One moment, Jenni Holcombe and her husband, Danny were praying at church with their baby girl. The next, her husband and 17-month-old Noah were gone. Killed on Nov. 5 by Devin Kelley, who opened fire on an unarmed congregation as Sunday services were starting, killing 26 people.

"It feels like forever since we've seen them,” said Jenni Holcombe, who survived the worst mass shooting in Texas history.

Nine members of Jenni’s family – including an unborn baby – were killed on that horrific Sunday one year ago.

"The whole family - all of them - they were just full of life and love. And, when we were together it was just fun and laughter. And, we try to keep that now. It's different, but we were a close family before."

Sarah Slavin agrees. Her mother, Karla Holcombe was reading the morning announcements when the gunman stormed in and began shooting. Her father, Bryan Holcombe was getting ready to give the sermon. They were among those killed.

Still, she says, her family is resilient, leaning on each other for support.

"We can't let those last 10 minutes of our loved ones' lives negate everything that came before that, you know,” Slavin said. “We can't let that undo all of the joy and the smiles and the silliness and laughter that we had before, we choose to still have it."

It’s been a year. Yet, the family says instead of letting the tragedy tear them apart, they use their faith to draw closer.

"It's a gift that God's given us, that we're able to be this way and show others that it is possible to have joy again, to smile again,” said Jenni Holcombe. “It's not going to happen all the time, but there are good days and you're going to get through it."

For their brother Scott Holcombe, however - getting through those darker days – seemed impossible.

"We're a little different. They've been good their whole lives. Me, I haven't,” he said. “I've struggled with drug addiction and alcohol for the last 15 years of my life."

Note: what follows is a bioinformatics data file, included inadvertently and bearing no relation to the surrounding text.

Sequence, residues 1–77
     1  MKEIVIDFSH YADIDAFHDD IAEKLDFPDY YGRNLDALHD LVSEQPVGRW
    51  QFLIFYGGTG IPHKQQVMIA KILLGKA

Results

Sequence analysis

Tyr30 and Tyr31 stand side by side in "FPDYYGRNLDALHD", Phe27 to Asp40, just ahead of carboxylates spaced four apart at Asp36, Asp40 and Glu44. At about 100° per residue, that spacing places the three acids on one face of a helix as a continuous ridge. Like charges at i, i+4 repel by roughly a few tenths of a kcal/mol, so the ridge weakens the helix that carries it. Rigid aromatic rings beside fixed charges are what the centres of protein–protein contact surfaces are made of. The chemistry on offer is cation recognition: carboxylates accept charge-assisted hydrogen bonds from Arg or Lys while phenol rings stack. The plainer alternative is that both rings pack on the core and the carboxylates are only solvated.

He turned to the only thing he knew.

"I didn't know how to live life. I felt sorry for myself,” he said. “The grief was so intense, on top of having a substance abuse problem… I wanted to die."

Spiraling out of control, his mom always on his mind – Scott Holcombe turned to God.

"I remember praying. I was praying one day,” he said. “It was probably like eight days after. This is too much. You have to take the wheel because I can't do this."

Within months, Scott was arrested. As he sees it, his parents were still looking out for him.

"I sat in jail I was like: how'd I get myself here? And then I realized that my prayer was answered, that they were saving my life,” he said. “I ended up going to rehab and I've been clean now for a good few months.”

For the Holcombe family – the silver lining? An inspiring example of God’s hand at work.

"We always prayed for him, my parents, all of us prayed for Scott, that he would be able to go to a rehab,” Slavin said. “So this is encouragement, too. It's another thing where we can see what good came from it."

It’s been a painful year, but in their faith, the Holcombes found forgiveness for the gunman.

A message of hope – for the world.

"It wasn't being at church that did this. I don't have anger towards the church or towards anyone involved, you know, it's never been a question for me,” Jenni Holcombe said. “We have so many good memories in that church. We were there so much, you know, that's where Noah, grew up for 17 months. That's how I met my husband. That was our life. "